Second of all, if you really want to know the application for a 120VDC inverter circuit, here it is:

I recently purchased a 900MFD 125V electrolytic capacitor for the bargain price of $2.50 US. I did the math and found out that 900MFD at 120V is a capacity ruffly equal to 3aHr at 12V. This means that large capacitors at high voltages have higher capacity to weight ratio than any battery including Li-Ion cells. This astonishing capacity to weight ratio is only attainable at high voltages, so in order to make a virtual battery pack from a capacitor, voltage must be converted from the low voltage that would be used to charge the pack to high voltages before it goes into the capacitor, stored at high voltage, and then get converted back to a manageable voltage for use. If I can get this system to work with my 120V cap, I will attempt to build a virtual battery around a 400V capacitor.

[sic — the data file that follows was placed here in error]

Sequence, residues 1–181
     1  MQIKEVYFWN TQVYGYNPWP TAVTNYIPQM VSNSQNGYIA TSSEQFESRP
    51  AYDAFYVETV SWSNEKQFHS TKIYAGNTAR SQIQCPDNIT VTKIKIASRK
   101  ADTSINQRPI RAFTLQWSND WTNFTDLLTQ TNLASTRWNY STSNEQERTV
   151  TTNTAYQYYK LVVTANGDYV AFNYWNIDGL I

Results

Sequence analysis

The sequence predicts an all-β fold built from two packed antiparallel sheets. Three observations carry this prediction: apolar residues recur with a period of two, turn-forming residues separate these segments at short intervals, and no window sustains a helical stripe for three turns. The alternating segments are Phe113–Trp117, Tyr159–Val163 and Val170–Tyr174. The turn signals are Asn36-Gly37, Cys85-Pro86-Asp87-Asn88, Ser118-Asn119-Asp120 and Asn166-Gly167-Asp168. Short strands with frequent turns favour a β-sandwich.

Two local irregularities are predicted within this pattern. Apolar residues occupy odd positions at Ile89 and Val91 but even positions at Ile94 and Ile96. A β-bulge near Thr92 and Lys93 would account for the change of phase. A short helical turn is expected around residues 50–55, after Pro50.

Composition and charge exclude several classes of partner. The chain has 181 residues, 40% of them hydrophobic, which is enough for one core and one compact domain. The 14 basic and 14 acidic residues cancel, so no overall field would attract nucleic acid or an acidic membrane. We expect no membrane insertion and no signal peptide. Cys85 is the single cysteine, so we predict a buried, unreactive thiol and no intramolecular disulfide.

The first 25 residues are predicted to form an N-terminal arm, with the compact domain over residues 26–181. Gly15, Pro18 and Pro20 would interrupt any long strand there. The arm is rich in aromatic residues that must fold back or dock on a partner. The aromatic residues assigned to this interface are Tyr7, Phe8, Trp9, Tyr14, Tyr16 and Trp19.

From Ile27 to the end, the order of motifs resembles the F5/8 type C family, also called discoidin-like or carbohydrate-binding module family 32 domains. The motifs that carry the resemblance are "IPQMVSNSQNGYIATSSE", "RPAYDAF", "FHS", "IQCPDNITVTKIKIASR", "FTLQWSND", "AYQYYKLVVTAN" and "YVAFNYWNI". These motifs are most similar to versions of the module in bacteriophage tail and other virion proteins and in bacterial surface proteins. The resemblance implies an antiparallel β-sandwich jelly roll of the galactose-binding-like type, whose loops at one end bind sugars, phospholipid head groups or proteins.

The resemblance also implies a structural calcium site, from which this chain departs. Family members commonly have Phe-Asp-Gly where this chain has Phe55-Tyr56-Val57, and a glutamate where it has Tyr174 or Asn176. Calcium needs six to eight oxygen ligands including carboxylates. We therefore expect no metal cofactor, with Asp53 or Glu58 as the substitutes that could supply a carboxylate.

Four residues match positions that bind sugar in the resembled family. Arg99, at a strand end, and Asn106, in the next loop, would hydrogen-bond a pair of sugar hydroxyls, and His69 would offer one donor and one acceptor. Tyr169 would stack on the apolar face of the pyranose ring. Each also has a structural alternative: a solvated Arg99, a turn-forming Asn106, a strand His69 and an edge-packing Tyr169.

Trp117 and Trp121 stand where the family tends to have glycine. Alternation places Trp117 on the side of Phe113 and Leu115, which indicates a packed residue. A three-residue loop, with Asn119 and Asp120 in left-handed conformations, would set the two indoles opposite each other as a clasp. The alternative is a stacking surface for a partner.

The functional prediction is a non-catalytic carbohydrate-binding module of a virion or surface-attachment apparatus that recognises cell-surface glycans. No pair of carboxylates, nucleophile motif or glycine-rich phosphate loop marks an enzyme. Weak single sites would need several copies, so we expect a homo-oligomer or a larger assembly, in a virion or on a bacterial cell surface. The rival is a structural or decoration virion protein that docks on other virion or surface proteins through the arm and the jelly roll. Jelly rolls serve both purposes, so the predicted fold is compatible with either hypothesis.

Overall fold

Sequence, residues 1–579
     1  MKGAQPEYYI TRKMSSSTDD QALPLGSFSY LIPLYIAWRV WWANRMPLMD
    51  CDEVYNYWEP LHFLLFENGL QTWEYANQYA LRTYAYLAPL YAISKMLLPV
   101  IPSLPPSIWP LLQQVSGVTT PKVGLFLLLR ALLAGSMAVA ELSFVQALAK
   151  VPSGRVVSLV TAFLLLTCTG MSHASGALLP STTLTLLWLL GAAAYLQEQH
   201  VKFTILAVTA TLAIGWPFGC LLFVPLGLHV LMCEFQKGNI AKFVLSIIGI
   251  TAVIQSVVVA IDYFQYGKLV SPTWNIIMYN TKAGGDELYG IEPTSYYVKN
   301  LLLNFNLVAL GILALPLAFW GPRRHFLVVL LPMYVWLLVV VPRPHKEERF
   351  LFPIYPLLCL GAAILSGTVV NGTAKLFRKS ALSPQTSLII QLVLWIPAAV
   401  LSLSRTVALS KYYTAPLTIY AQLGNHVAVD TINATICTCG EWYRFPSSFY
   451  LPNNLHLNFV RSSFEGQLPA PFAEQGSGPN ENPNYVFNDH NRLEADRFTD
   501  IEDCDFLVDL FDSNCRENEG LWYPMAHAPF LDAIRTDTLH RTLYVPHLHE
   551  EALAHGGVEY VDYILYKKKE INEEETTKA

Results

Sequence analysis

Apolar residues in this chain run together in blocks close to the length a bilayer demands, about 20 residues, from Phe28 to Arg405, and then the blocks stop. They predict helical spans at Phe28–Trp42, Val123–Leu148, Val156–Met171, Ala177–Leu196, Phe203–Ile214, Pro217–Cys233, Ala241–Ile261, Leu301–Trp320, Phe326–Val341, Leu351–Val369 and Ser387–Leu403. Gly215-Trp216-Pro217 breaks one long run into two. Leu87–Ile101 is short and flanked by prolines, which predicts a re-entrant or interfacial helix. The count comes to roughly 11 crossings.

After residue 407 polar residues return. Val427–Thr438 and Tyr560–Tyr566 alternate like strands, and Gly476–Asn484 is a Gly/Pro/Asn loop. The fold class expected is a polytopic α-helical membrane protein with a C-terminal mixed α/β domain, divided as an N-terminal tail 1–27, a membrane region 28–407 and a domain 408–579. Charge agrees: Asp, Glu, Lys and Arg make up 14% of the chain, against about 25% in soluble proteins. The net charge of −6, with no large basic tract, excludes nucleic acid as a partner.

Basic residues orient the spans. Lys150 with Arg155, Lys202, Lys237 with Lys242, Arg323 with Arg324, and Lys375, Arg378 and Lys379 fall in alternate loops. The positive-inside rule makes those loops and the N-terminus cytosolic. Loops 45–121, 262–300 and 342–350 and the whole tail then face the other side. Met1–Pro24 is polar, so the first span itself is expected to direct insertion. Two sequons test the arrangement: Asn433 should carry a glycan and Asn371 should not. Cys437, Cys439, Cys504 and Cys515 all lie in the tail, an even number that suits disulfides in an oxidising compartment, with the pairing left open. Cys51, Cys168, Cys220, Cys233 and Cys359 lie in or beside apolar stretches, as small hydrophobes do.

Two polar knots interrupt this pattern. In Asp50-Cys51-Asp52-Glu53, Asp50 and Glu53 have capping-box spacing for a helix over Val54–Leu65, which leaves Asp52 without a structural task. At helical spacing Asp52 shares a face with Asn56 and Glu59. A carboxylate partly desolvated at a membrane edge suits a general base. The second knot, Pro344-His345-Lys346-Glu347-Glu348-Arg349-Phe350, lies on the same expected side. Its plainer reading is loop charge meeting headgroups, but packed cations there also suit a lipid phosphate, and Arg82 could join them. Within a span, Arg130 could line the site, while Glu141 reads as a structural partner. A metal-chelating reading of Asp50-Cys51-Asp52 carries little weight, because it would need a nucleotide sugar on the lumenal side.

This project is still on the drawing board, so if anyone has a suggestion on how to build an inverter based voltage converter, or any suggestions about how to do this efficiently without using inverters and a transformer, please let me know either in the forum, by e-mail, or by IM.
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audioguru
Nobel Prize Winner

Canada
4218 Posts

Posted - Mar 23 2007 :  6:53:29 PM  Show Profile  Reply with Quote
A capacitor is not a battery. Its voltage begins to drop immediately when current is drawn and drops very quickly. 900uF at 125V is not a high capacity. Super capacitors are measured in FARADS. 10,000 times more capacity.

Charge your capacitor to 120VDC. Then it can supply 120mA for only 1 second. Then its voltage will be only 44V.
Invert the 120VDC down to 12V then it can supply 100mA for only 10 seconds when its voltage will drop to 4.4V.
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junkfunkydude